ServeNext.org Blog

The Future of Non-Profits

Posted by Leighton Cooper on June 24, 2010

The non-profit community is nearing the verge of another ground-breaking piece of legislation this summer. Last week on June 16th, Congresswoman Betty McCollum (D-MN) introduced a bill aimed at strengthening the non-profit sector and its relationship with government. In the wake of the Serve America Act and on the heels of sweeping regulatory legislation concerning for-profit business is the movement for more attention to organizations under tax code 501(c) (3).

Our friends at Independent Sector summed up the proposed bill nicely. The four intents highlighted are:

  1. Create a US Council on the Non-profit Sector and Community Solutions that advises the President and Congress on working more effectively to “address challenges” and “maximize opportunities.” This council would present an annual report detailing its studies on the roles and relationships between non-profits and government, and the benefits, barriers and other problems concerning non-profit endeavors.
  2. Create an Interagency Working Group including members of several cabinets coordinating policies concerning relationships with non-profits.
  3. Charge another agency to collect data from other federal agencies concerning several aspects of the financial health of the non-profit sector and its community members. Charge the Bureau of Economic Analysis at the Department of Commerce with determining a system to measure the economic impact of non-profits.
  4. Create a Non-profit Research Fund to further facilitate broad basic and applied research and training concerning the sector.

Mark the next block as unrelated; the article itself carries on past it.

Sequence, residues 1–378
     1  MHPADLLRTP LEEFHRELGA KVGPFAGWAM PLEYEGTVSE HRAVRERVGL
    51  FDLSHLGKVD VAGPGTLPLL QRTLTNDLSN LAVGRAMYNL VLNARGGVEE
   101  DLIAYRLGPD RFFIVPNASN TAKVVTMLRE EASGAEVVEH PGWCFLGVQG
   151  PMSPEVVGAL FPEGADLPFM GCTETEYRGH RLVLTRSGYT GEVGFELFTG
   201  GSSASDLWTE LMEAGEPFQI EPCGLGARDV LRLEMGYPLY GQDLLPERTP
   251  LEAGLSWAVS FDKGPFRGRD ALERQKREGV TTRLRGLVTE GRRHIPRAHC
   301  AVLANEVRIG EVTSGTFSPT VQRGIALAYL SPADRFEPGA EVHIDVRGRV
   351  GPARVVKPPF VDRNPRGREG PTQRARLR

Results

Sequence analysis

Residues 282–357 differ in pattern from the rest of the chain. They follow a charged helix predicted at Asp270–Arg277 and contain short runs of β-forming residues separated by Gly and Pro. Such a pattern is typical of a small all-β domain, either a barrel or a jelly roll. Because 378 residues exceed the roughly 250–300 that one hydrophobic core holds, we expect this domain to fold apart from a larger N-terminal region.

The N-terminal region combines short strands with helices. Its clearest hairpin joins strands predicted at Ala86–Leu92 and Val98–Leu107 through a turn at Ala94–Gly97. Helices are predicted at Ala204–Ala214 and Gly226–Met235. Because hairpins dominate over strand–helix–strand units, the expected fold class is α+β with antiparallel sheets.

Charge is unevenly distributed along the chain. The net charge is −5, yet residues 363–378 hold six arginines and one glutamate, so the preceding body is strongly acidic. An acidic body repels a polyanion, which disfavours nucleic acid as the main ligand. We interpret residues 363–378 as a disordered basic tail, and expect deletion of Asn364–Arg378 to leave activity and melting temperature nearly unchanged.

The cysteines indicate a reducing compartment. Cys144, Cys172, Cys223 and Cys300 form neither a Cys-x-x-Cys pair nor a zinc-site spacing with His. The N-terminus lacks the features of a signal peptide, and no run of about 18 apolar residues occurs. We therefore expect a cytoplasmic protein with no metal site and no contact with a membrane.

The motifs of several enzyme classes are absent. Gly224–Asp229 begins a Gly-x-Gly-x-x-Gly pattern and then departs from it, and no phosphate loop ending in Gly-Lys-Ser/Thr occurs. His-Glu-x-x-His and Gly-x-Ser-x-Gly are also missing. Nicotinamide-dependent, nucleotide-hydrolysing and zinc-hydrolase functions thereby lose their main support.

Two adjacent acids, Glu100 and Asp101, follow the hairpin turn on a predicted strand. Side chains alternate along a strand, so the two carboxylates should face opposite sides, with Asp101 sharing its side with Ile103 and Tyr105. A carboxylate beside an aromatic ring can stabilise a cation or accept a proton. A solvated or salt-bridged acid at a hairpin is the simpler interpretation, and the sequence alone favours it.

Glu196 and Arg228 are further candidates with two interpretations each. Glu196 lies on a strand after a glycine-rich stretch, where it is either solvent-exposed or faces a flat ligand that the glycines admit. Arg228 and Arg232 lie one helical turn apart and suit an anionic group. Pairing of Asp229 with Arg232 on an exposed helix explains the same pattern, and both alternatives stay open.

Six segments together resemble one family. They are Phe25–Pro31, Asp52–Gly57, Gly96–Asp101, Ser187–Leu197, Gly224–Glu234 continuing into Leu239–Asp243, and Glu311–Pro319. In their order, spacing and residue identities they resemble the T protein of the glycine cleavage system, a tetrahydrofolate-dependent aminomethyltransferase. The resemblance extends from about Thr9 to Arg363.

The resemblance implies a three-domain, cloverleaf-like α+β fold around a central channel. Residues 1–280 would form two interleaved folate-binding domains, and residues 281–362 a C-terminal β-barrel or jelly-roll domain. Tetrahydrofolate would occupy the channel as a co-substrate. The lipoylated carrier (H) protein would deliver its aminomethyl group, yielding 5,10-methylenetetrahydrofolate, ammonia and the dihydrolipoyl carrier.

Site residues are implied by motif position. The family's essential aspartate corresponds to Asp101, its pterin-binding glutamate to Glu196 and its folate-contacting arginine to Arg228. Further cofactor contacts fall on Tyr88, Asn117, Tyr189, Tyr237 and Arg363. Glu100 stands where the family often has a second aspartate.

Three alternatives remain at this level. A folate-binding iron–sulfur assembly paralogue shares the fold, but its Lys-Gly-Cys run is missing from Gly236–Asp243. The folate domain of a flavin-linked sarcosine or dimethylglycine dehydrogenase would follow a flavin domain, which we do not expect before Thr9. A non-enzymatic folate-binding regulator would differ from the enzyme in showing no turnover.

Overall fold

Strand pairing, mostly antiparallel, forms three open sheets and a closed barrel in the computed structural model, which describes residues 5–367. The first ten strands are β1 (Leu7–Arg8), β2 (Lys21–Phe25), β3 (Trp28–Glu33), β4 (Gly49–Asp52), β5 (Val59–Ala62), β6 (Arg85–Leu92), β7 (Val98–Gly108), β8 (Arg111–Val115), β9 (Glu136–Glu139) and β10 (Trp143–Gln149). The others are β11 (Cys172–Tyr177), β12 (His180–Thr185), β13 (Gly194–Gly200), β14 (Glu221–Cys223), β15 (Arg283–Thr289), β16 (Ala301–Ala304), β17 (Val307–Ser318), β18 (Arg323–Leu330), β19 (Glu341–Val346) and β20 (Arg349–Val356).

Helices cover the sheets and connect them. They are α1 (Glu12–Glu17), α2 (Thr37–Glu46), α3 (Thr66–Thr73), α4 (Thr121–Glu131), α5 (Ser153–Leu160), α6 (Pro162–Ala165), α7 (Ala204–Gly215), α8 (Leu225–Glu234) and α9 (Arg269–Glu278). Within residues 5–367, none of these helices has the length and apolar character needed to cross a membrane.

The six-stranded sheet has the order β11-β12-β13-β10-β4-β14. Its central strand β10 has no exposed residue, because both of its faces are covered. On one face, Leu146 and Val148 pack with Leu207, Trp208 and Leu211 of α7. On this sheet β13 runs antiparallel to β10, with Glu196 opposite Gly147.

This past Friday I had the opportunity to listen on a conference policy briefing hosted by Independent Sector concerning this new legislation. Tens of other organizations from across the US joined the informative conversation led by Peter Frosch, McCollum’s Legislative Director.

He began by chronicling the inspirations behind Rep. McCollum’s interest in non-profits. Two years ago, a routine inquiry into the Congressional Research Service’s Report on non-profit businesses yielded exactly zero results. Betty McCollum and her staff thought it strange the reality that the government had fundamentally no organizational bodies concerning non-profits and their work. Not even the CRS had compiled an annual report on non-profits. Determining that this trend was indeed troubling, Betty McCollum and her staff embarked on the process to create this legislation.

For about the past 24 months, McCollum and her colleagues have been pounding the pavement and the parchment. They have gotten in contact with several important leaders and have put those efforts in writing. The text may be complete as soon as this week, and introduced as soon as next week. McCollum will introduce perhaps the most important measure concerning non-profits in our history.

Peter Frosch asserts that, distinct from more contentious political issues, this legislation carries a connotation of being a “smart government initiative” and should receive support from both sides. This whole sector was in the “blind spot” of Congress according to Mr. Frosch. Certainly the non-profit world carries a unique set of challenges compared to other sectors.

The non-profit world lacks the resources of big, for-profit businesses.  However, non-profits are tasked with tackling many of our nation’s most pressing social challenges that large corporations are not setup to address. This societal and economic impact is yet to be measured by our government. It is crucial to establish metrics to determine just what those impacts are.

Essentially this bill will help create the governmental infrastructure to analyze and address the growing importance of the non-profit community. Currently our bureaucracy lacks the capacity to understand the dynamics of this sector.

Mr. Frosch said that this bill will help “government understand what kinds of questions it should be asking” us in the non-profit arena. We keenly await the passing of such monumental legislation. Certainly, ServeNext is eager to volunteer answers to those questions and help however we can to advance this legislation.

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